This mysterious complex, which looks like what might have happened if the Mayans had discovered reinforced concrete, is the Foire Internationale de Dakar, or FIDAK for short. It is a sprawling exhibition centre built in the capital of Senegal in 1975 to host the country’s biennial international trade fair – and trumpet the new nationstate’s presence on the global stage. Designed by little-known French architects Jean-François Lamoureux and Jean-Louis Marin, it is a project of obsessive and extraordinary detail. There are facades decorated with coloured pebbles and tiled mosaics, psychedelic sand art murals that evoke the rocky African coastline and its azure seas. Yet outside Senegal, this building is almost entirely unknown.

It is just one of the astounding projects documented by Swiss architect Manuel Herz, who has spent the last few years researching the architecture of African independence with his team at ETH University in Zurich. A period of bold structures and strident new forms, it is strangely absent from the recorded history of modern architecture. “There was an intense flowering of experimental and futuristic architecture in the 1960s and 70s, which the young African countries used to express their national identities,” says Herz, who has curated an exhibition of more than 80 buildings from sub-Saharan Africa, showing at the Vitra Design Museum in Weil am Rhein, Germany, until May. “But we simply don’t know about it. When people think of Africa, they think of poverty, misery and violence, while architects fetishise informality and focus on slum-upgrading. But we wanted to show this incredible cultural wealth that also exists.”

University of Zambia, Lusaka, Zambia
University of Zambia, Lusaka. (Photograph: Iwan Baan)

The buildings, a number of which have been beautifully shot by Dutch photographer Iwan Baan, portray a period of extreme confidence and political ambition. They are mostly the products of big, state-sponsored initiatives, from heroic parliament buildings and imposing central banks to daring universities and vast stadiums, many the pet projects of Africa’s “big man” leaders, built for propaganda purposes as much as anything else.

The Kenyatta International Conference Centre, whose pink cylindrical shaft towers above Nairobi, was initiated by the country’s first president, Jomo Kenyatta, as a lavish new HQ for his ruling Kanu party. At 32 stories, it was by far the tallest structure in east Africa until the 1990s, a big column for Kenya’s big-man chieftain. Yet its great size can be credited to an accident of international intervention. In the midst of its design, the World Bank decided it would host its 1973 annual meeting in Nairobi, and the building was chosen as the venue, forcing a growth spurt. The tower almost tripled in height, while a magnificent auditorium shaped like a closed lily-bud was also added, and mirrored by an open flower form at the top of the tower containing a revolving restaurant.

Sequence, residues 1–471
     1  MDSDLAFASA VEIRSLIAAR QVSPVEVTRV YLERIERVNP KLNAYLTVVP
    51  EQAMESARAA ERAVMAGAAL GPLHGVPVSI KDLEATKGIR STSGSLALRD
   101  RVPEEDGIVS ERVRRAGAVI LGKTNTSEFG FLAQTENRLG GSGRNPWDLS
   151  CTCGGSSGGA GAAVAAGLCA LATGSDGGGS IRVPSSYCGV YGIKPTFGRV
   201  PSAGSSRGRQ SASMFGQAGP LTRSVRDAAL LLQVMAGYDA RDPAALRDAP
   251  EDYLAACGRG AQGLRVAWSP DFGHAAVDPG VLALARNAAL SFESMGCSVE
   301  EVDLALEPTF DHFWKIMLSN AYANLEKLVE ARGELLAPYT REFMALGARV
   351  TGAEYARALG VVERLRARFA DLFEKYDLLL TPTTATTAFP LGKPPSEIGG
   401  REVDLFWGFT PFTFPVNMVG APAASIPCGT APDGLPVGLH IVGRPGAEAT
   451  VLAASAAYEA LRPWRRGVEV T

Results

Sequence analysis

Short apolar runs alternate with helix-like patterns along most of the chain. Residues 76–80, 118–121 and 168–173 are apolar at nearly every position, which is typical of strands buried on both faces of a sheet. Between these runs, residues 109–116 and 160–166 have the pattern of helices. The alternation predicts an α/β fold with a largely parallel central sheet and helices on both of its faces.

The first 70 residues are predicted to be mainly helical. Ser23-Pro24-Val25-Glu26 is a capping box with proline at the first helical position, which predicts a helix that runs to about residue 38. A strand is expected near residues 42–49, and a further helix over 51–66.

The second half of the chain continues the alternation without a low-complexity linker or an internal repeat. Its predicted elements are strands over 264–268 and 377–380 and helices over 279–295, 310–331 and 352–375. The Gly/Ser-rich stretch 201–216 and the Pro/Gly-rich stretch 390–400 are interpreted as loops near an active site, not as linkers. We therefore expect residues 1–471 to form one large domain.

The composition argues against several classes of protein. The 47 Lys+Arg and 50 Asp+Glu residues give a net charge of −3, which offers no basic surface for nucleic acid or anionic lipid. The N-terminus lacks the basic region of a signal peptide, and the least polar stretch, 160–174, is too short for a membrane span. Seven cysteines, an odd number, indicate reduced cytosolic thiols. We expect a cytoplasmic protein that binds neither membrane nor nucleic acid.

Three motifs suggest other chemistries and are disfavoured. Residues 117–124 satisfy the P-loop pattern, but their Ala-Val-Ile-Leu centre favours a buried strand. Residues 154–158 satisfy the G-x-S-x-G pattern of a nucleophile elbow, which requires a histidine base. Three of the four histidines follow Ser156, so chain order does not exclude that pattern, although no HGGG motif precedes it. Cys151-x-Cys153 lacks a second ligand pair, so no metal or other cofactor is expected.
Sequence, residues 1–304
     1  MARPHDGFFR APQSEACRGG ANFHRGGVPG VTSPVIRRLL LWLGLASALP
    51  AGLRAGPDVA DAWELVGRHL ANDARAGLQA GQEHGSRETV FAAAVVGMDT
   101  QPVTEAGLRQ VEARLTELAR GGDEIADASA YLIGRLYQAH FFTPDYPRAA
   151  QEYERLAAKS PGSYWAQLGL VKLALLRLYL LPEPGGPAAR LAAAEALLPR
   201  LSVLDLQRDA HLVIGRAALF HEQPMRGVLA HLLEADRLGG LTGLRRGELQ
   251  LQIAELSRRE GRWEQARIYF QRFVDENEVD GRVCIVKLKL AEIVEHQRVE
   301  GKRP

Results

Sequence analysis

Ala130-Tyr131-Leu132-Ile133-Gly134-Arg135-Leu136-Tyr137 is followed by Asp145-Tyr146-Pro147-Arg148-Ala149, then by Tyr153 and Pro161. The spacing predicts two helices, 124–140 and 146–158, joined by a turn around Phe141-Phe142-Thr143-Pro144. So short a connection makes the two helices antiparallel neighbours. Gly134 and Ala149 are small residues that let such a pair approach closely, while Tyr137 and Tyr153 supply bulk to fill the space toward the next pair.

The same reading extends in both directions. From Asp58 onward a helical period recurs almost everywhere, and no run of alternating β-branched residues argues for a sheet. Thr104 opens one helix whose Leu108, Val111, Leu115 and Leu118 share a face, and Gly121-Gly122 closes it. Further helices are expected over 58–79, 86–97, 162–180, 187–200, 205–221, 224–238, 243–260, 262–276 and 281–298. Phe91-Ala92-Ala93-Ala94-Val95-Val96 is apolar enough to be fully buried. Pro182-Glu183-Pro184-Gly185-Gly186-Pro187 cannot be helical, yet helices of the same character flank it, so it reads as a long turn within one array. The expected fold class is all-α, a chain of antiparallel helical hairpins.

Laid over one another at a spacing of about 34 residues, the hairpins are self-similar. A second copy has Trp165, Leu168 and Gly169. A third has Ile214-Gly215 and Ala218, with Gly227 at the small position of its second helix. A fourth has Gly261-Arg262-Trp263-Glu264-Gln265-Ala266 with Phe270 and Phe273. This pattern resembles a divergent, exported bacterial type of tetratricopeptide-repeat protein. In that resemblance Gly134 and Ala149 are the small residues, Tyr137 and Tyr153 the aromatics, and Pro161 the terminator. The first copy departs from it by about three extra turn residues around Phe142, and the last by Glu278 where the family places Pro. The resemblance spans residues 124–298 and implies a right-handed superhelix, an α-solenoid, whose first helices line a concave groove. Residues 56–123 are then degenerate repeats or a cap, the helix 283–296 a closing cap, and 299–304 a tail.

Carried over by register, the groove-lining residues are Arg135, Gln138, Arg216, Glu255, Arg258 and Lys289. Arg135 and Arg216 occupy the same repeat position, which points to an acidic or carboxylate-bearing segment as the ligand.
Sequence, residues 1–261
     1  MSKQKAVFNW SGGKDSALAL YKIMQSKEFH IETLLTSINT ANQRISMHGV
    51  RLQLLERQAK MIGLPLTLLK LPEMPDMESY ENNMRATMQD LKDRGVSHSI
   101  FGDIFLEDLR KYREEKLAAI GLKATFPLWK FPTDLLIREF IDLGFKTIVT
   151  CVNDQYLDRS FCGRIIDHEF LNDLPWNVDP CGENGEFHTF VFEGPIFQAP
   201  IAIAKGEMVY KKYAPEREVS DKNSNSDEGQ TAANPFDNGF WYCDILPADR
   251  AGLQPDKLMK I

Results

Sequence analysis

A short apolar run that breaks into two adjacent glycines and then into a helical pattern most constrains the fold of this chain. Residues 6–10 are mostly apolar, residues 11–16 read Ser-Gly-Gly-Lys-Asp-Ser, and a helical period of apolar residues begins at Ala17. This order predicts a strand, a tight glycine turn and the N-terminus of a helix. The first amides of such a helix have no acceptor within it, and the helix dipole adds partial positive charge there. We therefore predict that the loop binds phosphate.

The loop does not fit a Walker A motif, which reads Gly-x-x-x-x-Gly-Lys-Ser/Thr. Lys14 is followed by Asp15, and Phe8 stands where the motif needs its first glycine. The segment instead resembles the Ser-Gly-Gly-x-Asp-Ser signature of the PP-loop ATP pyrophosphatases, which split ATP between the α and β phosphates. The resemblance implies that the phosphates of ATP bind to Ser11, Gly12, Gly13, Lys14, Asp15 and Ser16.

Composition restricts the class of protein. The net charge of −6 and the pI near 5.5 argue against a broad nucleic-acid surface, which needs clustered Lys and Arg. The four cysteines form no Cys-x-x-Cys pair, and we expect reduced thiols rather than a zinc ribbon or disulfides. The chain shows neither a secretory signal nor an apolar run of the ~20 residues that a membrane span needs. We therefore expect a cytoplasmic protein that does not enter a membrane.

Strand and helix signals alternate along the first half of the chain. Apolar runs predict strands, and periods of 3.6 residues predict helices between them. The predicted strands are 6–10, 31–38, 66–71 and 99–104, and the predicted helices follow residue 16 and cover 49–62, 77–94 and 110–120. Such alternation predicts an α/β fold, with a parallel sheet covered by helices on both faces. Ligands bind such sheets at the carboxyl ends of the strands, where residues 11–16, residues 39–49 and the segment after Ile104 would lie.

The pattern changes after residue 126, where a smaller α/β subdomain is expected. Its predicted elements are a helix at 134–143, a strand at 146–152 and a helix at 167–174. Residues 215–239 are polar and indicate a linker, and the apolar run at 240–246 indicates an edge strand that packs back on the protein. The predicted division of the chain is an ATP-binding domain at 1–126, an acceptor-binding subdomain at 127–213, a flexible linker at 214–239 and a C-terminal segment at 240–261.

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Nigeria and Senegal Declared Free of Ebola Virus by World Health Organization

Screen Shot 2014-10-20 at 11.03.30 PMNigeria has been declared officially free of Ebola after six weeks with no new cases, the World Health Organization (WHO) says.  WHO representative Rui Gama Vaz, speaking in the capital Abuja, said it was a “spectacular success story”.

Nigeria won praise for its swift response after a Liberian diplomat brought the disease there in July.  The outbreak has killed more than 4,500 people in West Africa, mostly in Liberia, Guinea, and Sierra Leone.

An estimated 70% of those infected have died in those countries.  The WHO officially declared Senegal Ebola-free on Friday.

Meanwhile, European Union foreign ministers are meeting in Luxembourg to discuss how to strengthen their response to the threat posed by Ebola.

Speaking on the sidelines, French Foreign Minister Laurent Fabius said he expected the meeting to appoint a co-ordinator to galvanize the EU’s response to the epidemic.

“My colleagues are unanimous in saying that this idea of a European co-ordinator for the fight against Ebola is a good idea. The name will be chosen in the coming days. I think it’s a very important step.”

European countries have committed more than 500m euros (£400m; $600m) but the UK is pressing to double that amount.

The money is being sought to help reinforce over-stretched healthcare systems in Liberia, Sierra Leone and Guinea and to mitigate the damage Ebola is doing to their economies.

Earlier, the Spanish government said a nurse who became the first person to contract Ebola outside West Africa had tested negative for the virus.

article via bbc.com

Singer Akon Aims to Bring Electricity to 1 Million Homes in Africa Through “Akon Lighting Africa” Initiative

Singer Akon. (Photo by Jason Merritt/Getty Images)

Singer Akon has launched an ambitious endeavor that aims to improve the lives of over one million people in Africa.  His new initiative, “Akon Lighting Africa”, hopes to bring electricity to one million households by the end of 2014 to help promote energy sustainability and sufficiency throughout the continent.  “The lack of electricity is currently a major problem in Africa,” reads the website for the campaign. “A significant number of households in rural areas and even urban cities do not have access to electricity. This is a real obstacle to Africa’s Sustainable Development.”

Akon, who is Senegalese-American, has partnered with local charities and corporations to aid in the efforts of the campaign by addressing Africa’s energy issue and installing solar equipment in households.  The “Right Now” singer will travel and meet with leaders in nine countries in nine days to discuss the project including Senegal, Mali, Guinea Conakry, Gambia, Burkina Faso, Equatorial Guinea, Gabon, Congo and the Ivory Coast.

Learn more about Akon Lighting Africa here.

article by Lilly Workneh via thegrio.com

Fantasy Hollywood: Restaging Classic Films with Black Models

Black Hollywood Breakfast
Breakfast at Onomo’s, 2013. Photograph: Antoine Tempé

Back in the 80s, my classmates and I piled into Mbabane’s local cinema to watch Top Gun. We’d turn to each other, channeling our best version of Val Kilmer to spout “You can be my wing man anytime” – followed by intense laughter. Who doesn’t have a favourite line, an iconic moment from film lodged in our minds?